In my last post, I discussed the decision to focus on recycling laboratory gloves instead of tackling the entire waste management system at my University without the support of a larger group of people. Today, I am going to walk through the major players in setting up a nitrile glove recycling program with Kimberly-Clarke’s RightCycle program. Kimberly-Clarke’s recycling program not only reduces the amount of lab waste going to landfills (they estimate that used nitrile gloves account for up to 20% of the waste created by labs), but also encourages laboratories to purchase high quality gloves made using sustainable and socially conscious practices. I am very excited to begin this program! RightCycle probably differs a bit from school-to-school, but these have been my experiences so far.
A local sales manager for Kimberly-Clarke (KC) reached out to me to see if I would be interested in partnering with him in setting up the program at UChicago. I think this contact was made in part because KC learned of a Green Laboratory program at our University. If you are interested in setting up a program, I suggest reaching out to your territory’s sales manager. It sounds like some regions of the country already have the infrastructure in place to recycle gloves, while others do not, so this may impact your Institution's ability to set up a program.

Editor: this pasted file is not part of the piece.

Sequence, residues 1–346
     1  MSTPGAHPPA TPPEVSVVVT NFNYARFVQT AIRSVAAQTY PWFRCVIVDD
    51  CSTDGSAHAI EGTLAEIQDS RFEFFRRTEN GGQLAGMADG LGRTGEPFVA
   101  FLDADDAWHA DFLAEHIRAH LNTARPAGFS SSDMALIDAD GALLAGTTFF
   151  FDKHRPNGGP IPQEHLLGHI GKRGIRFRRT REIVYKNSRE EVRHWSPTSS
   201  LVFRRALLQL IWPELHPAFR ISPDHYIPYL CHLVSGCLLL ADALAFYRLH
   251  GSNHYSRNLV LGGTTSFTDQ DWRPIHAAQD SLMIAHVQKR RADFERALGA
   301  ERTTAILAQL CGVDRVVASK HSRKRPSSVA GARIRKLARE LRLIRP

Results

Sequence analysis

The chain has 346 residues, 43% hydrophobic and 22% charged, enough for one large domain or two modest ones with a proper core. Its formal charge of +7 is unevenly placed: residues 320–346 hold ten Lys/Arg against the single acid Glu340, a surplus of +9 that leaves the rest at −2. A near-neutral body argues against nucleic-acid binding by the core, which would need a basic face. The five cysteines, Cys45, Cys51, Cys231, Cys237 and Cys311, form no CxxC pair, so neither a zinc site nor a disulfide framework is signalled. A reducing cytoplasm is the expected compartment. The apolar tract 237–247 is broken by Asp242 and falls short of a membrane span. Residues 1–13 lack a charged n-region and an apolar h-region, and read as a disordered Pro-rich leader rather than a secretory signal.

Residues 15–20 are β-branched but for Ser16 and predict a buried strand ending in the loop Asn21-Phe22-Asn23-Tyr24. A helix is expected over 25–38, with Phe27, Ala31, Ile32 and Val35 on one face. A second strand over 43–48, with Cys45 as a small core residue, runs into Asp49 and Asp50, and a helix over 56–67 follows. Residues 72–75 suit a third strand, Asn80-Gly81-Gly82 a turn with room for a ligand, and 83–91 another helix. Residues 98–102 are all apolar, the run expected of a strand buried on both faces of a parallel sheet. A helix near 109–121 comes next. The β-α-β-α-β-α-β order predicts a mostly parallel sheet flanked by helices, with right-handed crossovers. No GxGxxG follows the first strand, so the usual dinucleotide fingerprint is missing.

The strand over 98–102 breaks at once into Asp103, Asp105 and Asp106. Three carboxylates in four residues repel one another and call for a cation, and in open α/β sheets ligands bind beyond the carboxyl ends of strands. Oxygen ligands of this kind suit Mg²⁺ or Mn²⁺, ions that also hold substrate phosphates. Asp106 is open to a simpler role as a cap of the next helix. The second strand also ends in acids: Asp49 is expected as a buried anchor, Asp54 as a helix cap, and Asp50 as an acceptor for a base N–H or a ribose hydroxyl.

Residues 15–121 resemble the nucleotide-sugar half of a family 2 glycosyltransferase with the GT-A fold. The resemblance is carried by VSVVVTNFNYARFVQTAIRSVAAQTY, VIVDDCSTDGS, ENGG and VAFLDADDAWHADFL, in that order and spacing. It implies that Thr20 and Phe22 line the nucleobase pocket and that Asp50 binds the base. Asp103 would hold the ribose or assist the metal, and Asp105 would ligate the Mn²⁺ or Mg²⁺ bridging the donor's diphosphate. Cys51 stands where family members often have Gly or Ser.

After he reached out to me, I invited one of my active lab manager EcoLeaders, Leslie, to attend the initial meeting during which we discussed the set up of the program and the responsibilities that each party would contribute. Since I have had limited experience with the providers of research materials and do not purchase supplies for my laboratory, inviting Leslie along was tremendously helpful.
KC has provided promotional materials, collection boxes, and the recycling itself. They also are working with the University supply center, run by Fisher Scientific. KC proposed a purchasing deal with Fisher, who will purchase their gloves and then sell them at a very affordable price to the labs.
Once this purchasing deal is finalized, I will work with KC and Fisher to increase awareness of the program. KC provided some really wonderful signs and handouts as well as spoke to many laboratories about the program. Fisher will display the provided signs, and GreenLabs will contact as many labs as possible about the program. Of course I aim for all of my certified labs to participate, but this program has the potential to decrease the environmental impact of many more laboratories, as well!
Lastly, GreenLabs is working with KC to increase the number of collection boxes in the Biology buildings. Once boxes are full, the pallet full of gloves will be shipped to the KC recycling facility. I am still working to obtain funding to ship the gloves, which should initially cost around $100 every few months.
In a future post, I will go into more detail about the finalized pricing for the gloves and the infrastructure behind glove collection.